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Eisenbrauns Old Testament Studies Collection (3 vols.)

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The Eisenbrauns Old Testament Studies Collection will add to your understanding of Old Testament culture while also addressing significant, sometimes controversial, topics of modern scholarship. The ancient Near Eastern mode of thought is not at all intuitive to modern readers, but our understanding of ancient perspectives can only approach accuracy when we penetrate ancient texts on their own terms rather than imposing our modern worldview. This collection’s three volumes use thorough research and analysis to draw connections between archaeology, historical culture studies, and specific Scripture passages.

With Logos Bible Software, this collection is completely searchable, making the text more powerful and easier to access for scholarly work and personal study. Scripture text appears on mouseover in your preferred translation, and the Logos version integrates into your digital library, so your dictionaries and other reference tools are only ever a click away.

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Key Features

  • Analyzes specific Old Testament passages in relation to ancient cultural context
  • Discusses the relationship between archaeology and the dating of biblical texts
  • Includes a range of scholarly perspectives

Product Details

  • Title: Eisenbrauns Old Testament Studies Collection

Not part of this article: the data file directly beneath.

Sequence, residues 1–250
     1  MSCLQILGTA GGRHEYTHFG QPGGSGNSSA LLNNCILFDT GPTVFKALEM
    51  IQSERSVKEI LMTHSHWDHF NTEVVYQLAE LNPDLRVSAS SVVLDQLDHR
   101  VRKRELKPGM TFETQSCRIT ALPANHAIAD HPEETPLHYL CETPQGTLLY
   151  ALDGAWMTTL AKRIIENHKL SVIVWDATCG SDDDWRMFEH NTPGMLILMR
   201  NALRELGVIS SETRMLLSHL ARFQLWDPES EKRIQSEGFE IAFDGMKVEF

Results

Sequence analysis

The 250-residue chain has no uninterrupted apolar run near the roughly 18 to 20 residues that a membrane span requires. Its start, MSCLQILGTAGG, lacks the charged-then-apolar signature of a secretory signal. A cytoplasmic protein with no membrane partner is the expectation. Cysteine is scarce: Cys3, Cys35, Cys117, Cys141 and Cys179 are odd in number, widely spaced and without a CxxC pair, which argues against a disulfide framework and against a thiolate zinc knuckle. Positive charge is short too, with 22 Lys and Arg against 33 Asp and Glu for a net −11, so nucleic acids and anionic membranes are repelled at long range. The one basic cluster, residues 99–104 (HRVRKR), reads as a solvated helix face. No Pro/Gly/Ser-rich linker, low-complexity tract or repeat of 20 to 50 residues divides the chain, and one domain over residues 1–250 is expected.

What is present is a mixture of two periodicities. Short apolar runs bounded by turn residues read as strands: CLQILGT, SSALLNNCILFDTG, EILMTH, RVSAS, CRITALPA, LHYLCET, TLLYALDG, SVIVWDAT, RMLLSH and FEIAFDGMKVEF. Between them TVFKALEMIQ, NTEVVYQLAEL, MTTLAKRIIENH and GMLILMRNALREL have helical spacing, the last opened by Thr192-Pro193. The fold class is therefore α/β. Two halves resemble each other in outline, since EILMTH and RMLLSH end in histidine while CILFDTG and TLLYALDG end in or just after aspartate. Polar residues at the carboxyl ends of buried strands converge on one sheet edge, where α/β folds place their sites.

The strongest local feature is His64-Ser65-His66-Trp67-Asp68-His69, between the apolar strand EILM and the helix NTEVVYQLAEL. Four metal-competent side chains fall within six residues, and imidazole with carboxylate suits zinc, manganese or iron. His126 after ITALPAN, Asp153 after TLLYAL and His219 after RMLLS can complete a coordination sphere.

• Publisher: Eisenbrauns
  • Volumes: 3
  • Pages: 780

Individual Titles

Genesis 1 as Ancient Cosmology

  • Author: John H. Walton
  • Publisher: Eisenbrauns
  • Publication Date: 2011
  • Pages: 228

Sample Pages: 1 | 2 | 3 | 4 | 5 | 6 | 7

In Genesis 1 as Ancient Cosmology, John Walton presents comparative studies of ancient texts and their cosmologies. The first half of the book focuses on the ancient texts that inform our understanding of Near Eastern cosmology. Egyptian, Sumerian, and Akkadian texts are the primary focus, but occasionally Ugaritic and Hittite are included as appropriate. Walton posits that functional ontology was pervasive in ancient writing because bringing about order and functionality was the very essence of creative activity.

The second half of the book is devoted to a fresh analysis of Genesis 1:1–2:4. Walton studies significant Hebrew terms and shows that, like the rest of the ancient Near East, the Israelite texts use a functional cosmology that is constructed with temple ideology in mind. He contends that Genesis 1 was never an account of material origins but that, as in the rest of the ancient world, the purpose of this “creation text” was to outline functions for the components of the cosmos. All of this demonstrates that, when we read Genesis 1 as the ancient document it is rather than trying to read it in light of our current world view, the text recovers the energy it had in its original context. At the same time, it provides a new perspective on Genesis 1 in relation to what have long been controversial issues.

The book makes an important contribution to the understanding of Genesis 1 in its ancient Near Eastern context and makes some provisional steps towards ‘a more vital biblical theology of creation.’

—Izaak J. de Hulster, researcher, University of Göttingen